We express ourselves differently than a lot of bands. We have voices in our music, but not what one would consider typical lyrics. We deal more in concepts or moods rather than specific subjects per se.
Darsombra, the self styled trans-apocalyptic galaxy rockers, have just brought out their stunning new album Dumesday Book and it’s a truly wild journey that takes in a whole host of psychedelic rock mayhem all delivered in a cinematic fashion. To celebrate the albums release, Gavin Brown caught up with Darsombra members Brian Daniloski (guitar, bass, vocals, and sound design) and Ann Everton (synth, vocals, percussion, and projections) to talk about Dumesday Book, the trippy videos they’ve made, psychedelia, memorable shows and hallucinatory experiences.
E&D: Your new album Dumesday Book is out now. How excited have you been to be getting this album out?
Ann: We are thrilled! It’s been a long time coming and we’ve put a lot of work into it. We started recording just as lockdown in March 2020 began in the US, so it feels like we’re turning the page on a new chapter in our lives.
E&D: What were the main influences on the sound of this record?
Brian: All of the feelings, good, bad, and otherwise, that we experienced being stuck home for over a year while there was this horrible plague spreading across the planet.
Ann: Each of the ten tracks on the album are all so varied in sound and mood that it’s hard to say any handful of artists or creative products were overall influences, but in parts, we did draw a lot from the Sweet, AC/DC, The Who, Edgar Winter Group, Uli Jon Roth, Gary Numan, Rush, King Crimson, Star Trek, Monty Python, Frank Frazetta, and Mauzy Broadway.
E&D: Was the recording of the album a smooth process?
Brian: Yes and no. It was a long process. Our latest album had just come out only about a half a year before the world shut down, so we weren’t expecting to find ourselves writing and recording again so soon. We started recording as soon as the initial quarantine lockdowns were being put into effect. It started out very smooth. We were just recording our improvisations for a few months with not much else to do and nowhere to go. We felt like we had all the time in the world to just jam and record and experiment. No one knew when it would be safe to play live shows again, so there were no deadlines, no agendas. A few months in, after we had amassed several albums worth of demos and raw recordings, it then became something that we laboriously started to refine for the next couple of years. I was learning new recording methods and software, and upgrading studio equipment throughout the process. It felt very ambitious. There were definitely a few bumps and learning curves along the way.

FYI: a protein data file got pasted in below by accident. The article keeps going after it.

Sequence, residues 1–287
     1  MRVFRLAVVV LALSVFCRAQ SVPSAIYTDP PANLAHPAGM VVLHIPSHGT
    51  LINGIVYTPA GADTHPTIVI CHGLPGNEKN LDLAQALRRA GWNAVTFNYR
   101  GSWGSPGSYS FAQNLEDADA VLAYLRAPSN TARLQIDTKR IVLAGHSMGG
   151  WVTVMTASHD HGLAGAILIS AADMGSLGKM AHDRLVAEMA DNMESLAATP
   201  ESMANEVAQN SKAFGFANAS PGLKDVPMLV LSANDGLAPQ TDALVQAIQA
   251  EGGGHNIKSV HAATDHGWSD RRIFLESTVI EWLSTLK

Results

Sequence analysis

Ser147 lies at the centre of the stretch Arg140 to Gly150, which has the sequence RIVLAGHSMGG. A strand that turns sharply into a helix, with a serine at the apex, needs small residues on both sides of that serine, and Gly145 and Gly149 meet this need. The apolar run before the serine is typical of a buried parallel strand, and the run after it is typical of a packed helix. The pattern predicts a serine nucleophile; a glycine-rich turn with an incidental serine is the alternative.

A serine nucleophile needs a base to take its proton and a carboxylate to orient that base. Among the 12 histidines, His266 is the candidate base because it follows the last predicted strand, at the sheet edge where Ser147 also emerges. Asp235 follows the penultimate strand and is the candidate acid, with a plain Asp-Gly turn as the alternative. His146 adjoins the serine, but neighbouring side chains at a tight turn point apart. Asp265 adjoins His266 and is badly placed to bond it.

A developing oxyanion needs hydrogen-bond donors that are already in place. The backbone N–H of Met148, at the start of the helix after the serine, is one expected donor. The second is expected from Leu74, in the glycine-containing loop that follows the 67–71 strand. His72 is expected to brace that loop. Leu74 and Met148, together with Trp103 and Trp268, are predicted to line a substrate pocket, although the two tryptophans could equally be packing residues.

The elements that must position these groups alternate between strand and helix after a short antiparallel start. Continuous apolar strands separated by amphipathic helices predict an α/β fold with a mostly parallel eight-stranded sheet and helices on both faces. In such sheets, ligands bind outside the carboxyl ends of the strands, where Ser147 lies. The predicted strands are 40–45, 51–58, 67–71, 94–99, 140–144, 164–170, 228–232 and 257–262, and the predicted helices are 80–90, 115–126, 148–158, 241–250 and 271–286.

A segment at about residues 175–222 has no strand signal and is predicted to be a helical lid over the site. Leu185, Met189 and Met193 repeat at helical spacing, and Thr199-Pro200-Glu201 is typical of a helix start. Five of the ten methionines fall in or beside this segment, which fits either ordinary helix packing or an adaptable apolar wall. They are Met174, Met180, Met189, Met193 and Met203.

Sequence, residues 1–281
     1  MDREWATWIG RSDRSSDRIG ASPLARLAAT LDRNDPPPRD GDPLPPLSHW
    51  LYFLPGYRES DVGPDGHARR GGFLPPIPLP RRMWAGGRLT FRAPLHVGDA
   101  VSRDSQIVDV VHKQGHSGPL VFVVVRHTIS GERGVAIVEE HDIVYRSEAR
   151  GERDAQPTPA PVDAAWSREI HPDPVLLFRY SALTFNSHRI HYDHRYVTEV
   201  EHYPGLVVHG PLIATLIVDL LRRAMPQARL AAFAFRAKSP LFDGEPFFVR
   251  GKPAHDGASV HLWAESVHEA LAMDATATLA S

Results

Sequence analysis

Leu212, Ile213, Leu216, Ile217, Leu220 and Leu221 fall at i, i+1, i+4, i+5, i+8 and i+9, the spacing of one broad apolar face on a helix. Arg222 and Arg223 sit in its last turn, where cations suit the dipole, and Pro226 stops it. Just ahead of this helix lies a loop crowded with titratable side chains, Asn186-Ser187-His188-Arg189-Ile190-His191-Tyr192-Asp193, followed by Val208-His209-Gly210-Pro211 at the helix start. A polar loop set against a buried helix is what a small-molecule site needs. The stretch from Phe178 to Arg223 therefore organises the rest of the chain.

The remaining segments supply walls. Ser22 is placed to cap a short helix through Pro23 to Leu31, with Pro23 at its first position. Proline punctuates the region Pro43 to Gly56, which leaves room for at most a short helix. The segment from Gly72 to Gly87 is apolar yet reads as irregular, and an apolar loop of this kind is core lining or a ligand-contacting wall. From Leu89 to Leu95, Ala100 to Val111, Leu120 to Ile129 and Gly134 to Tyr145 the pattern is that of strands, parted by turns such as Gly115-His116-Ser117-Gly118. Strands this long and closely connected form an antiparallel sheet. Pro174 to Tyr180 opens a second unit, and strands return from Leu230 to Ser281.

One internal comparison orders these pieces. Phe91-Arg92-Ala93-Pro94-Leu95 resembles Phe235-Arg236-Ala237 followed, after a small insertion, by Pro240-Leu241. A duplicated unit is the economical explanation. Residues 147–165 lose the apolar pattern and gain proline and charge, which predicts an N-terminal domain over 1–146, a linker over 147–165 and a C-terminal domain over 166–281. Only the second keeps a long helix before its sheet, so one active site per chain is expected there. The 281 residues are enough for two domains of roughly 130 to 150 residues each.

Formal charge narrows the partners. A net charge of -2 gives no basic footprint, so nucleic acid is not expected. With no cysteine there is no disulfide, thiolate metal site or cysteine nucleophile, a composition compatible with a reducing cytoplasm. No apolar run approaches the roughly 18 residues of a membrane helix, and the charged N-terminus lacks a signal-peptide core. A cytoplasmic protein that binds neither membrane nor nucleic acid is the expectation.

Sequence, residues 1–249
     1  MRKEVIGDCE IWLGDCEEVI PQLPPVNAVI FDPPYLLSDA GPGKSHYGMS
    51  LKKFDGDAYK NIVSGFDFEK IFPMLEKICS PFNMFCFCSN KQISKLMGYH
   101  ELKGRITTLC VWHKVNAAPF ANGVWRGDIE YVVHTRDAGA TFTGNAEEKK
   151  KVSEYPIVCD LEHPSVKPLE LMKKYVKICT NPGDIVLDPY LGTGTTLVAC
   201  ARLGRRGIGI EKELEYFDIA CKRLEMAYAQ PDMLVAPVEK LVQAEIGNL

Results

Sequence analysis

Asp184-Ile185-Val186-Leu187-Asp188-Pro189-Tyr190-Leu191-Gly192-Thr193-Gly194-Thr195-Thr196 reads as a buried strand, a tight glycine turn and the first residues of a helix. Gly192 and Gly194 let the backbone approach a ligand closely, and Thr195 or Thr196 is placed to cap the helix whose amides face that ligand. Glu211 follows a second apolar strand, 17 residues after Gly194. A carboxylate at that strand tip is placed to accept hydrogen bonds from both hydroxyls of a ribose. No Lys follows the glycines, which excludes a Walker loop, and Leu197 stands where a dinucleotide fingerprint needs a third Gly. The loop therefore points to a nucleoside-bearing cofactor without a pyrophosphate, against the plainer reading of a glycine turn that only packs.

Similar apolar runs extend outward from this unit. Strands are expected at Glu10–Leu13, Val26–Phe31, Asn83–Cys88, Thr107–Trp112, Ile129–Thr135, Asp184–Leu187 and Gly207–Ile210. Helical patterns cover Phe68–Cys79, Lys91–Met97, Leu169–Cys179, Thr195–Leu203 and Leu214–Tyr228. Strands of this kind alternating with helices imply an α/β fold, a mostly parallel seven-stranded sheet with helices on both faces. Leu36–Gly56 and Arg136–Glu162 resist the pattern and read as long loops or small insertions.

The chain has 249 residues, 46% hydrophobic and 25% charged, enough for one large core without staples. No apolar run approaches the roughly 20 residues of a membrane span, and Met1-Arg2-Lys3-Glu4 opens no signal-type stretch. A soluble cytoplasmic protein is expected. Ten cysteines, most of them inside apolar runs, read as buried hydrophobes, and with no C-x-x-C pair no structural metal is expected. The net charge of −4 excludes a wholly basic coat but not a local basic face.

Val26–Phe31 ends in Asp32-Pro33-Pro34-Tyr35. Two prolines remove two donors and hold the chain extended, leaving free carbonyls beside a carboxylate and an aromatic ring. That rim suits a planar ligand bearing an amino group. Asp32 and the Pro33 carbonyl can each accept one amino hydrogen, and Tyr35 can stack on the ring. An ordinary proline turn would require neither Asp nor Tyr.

E&D: What are some of the subjects that the songs on the album deal with?
Brian: We express ourselves differently than a lot of bands. We have voices in our music, but not what one would consider typical lyrics. We deal more in concepts or moods rather than specific subjects per se, but I like to think that we deal with any and every subject. The human condition. The trials and triumphs of being a sentient being bound to this planet.
Ann: The album deals with the foreboding awful majesty of the start of the pandemic in early 2020, the manic sense of freedom that followed for some of us, the day-to-day existential crisis and anxiety from the sense of unknown in spring and summer of that year, the joy our garden brings us at night, the maintenance of our world, the inevitability of death, the excitement of accessing modern medicine and the opportunities it can bring, the false sense of optimism in plague times, and the joy of returning to the road.
E&D: What does the Dumesday Book of the album title refer to?